This is President’s Day weekend, and while many folks take advantage of a few extra days off by going away, I’m going to take you to the nation’s capital. No, it isn’t to go to camp with our comrades down at The Sidwell Friends School, but to the White House. You read that right, The White House. I don’t have top secret clearance, but I do have inside knowledge of the crafts that used to go on in The First House. Time for a little bit of handwork and history my friends...
During the time of the American Revolution it was considered unpatriotic to buy goods that were made in England, so many American women picked up needles & yarn and began to stitch. Knitting was a symbol of liberty!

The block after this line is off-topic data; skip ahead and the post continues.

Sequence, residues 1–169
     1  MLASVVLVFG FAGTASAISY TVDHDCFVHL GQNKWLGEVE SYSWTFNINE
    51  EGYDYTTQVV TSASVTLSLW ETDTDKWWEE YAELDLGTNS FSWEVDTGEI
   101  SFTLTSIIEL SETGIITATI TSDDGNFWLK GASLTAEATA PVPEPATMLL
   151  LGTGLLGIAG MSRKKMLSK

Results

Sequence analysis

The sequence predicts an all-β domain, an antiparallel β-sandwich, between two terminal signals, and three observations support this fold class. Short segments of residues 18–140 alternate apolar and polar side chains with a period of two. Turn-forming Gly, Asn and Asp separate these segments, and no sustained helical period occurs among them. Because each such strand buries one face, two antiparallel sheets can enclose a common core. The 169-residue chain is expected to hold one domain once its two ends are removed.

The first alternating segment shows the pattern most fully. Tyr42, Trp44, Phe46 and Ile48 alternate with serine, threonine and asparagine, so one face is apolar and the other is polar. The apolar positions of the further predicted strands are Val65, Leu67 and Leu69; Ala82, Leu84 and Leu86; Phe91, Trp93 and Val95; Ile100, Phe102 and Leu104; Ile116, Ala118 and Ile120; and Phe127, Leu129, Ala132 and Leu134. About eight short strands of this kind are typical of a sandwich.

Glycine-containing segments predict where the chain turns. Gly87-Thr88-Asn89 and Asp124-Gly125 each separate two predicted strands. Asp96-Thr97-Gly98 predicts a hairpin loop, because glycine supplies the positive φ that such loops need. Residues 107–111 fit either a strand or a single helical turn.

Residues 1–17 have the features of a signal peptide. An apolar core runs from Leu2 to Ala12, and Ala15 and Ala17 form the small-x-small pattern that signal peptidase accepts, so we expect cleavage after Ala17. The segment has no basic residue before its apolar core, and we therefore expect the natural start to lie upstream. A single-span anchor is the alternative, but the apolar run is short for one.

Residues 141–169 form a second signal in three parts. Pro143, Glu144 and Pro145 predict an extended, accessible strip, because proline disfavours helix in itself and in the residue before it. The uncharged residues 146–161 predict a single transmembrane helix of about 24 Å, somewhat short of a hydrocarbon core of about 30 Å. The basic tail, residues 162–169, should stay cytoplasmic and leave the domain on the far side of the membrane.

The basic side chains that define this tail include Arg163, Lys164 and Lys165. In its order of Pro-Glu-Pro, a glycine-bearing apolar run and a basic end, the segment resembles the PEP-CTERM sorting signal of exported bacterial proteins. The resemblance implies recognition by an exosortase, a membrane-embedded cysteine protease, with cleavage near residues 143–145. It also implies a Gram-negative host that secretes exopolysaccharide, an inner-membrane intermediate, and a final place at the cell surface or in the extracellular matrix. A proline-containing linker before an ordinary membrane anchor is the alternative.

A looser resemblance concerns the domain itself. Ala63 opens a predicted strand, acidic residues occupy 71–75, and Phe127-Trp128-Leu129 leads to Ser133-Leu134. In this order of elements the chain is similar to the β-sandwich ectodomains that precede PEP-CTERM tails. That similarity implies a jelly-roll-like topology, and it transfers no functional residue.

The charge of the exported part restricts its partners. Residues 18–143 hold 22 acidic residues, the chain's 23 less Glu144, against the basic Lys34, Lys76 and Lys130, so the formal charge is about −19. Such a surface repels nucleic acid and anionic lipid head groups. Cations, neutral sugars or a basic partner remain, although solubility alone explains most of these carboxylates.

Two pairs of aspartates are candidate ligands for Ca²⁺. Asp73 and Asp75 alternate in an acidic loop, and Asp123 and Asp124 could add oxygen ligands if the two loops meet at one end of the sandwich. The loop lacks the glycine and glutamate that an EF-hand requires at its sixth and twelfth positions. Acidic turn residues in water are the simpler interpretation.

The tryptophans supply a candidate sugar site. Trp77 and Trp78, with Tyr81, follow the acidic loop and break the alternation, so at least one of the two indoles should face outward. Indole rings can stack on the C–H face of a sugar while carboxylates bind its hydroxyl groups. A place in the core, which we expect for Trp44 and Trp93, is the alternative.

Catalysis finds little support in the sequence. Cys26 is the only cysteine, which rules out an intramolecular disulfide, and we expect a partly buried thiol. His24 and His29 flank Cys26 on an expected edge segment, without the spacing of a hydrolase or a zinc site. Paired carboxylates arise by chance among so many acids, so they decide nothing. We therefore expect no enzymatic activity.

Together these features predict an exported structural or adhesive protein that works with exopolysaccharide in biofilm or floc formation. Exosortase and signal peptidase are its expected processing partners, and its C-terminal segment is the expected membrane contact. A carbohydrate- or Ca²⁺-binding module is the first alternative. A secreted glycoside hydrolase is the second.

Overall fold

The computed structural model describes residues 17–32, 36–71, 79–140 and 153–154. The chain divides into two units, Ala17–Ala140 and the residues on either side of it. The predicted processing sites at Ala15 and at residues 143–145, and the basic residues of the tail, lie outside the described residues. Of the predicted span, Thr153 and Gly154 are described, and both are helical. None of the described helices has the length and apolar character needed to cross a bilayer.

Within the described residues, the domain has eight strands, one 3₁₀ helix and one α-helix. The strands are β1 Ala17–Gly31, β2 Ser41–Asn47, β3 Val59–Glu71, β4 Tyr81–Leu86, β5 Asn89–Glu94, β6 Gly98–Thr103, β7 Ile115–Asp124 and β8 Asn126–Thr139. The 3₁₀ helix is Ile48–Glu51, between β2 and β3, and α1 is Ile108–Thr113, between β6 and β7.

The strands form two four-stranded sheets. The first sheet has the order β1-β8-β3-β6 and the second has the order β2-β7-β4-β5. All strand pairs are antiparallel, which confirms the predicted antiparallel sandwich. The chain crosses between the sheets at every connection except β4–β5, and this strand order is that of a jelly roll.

Do you know of any First Ladies that were handy with yarn? Here’s a quick list:
There are records that show Martha Washington sold knitted socks to raise money for the Revolutionary era troops
Edith Roosevelt used to have knitting circles at The White House
Grace Coolidge sponsored a knitting competition that was judged by Vogue Magazine
Eleanor Roosevelt was once introduced as “first knitter of the land” and was pictured on her Christmas card knitting
Crafts are important to thos of us that participate in them. Whether it's sewing, crocheting, knitting, or embroidery there is probably a little bit of history involved in it that you never knew about.
I’ll bet that you never thought knitting was part of the fabric of our American History did you?!